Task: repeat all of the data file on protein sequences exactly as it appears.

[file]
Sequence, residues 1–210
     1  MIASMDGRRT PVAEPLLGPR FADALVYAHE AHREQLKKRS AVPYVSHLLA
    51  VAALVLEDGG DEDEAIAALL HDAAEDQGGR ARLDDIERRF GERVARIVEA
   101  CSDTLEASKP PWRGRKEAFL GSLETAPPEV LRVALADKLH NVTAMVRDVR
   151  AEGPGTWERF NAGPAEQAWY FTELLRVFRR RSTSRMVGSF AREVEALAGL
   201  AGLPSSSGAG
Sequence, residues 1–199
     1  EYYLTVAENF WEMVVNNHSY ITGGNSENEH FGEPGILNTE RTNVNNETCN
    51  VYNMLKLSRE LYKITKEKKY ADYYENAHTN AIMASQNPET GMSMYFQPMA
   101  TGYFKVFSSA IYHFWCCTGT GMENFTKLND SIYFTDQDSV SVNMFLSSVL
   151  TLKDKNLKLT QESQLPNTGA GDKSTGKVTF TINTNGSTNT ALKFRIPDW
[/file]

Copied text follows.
Sequence, residues 1–210
     1  MIASMDGRRT PVAEPLLGPR FADALVYAHE AHREQLKKRS AVPYVSHLLA
    51  VAALVLEDGG DEDEAIAALL HDAAEDQGGR ARLDDIERRF GERVARIVEA
   101  CSDTLEASKP PWRGRKEAFL GSLETAPPEV LRVALADKLH NVTAMVRDVR
   151  AEGPGTWERF NAGPAEQAWY FTELLRVFRR RSTSRMVGSF AREVEALAGL
   201  AGLPSSSGAG
Sequence, residues 1–199
     1  EYYLTVAENF WEMVVNNHSY ITGGNSENEH FGEPGILNTE RTNVNNETCN
    51  VYNMLKLSRE LYKITKEKKY ADYYENAHTN AIMASQNPET GMSMYFQPMA
   101  TGYFKVFSSA IYHFWCCTGT GMENFTKLND SIYFTDQDSV SVNMFLSSVL
   151  TLKDKNLKLT QESQLPNTGA GDKSTGKVTF TINTNGSTNT ALKFRIPDW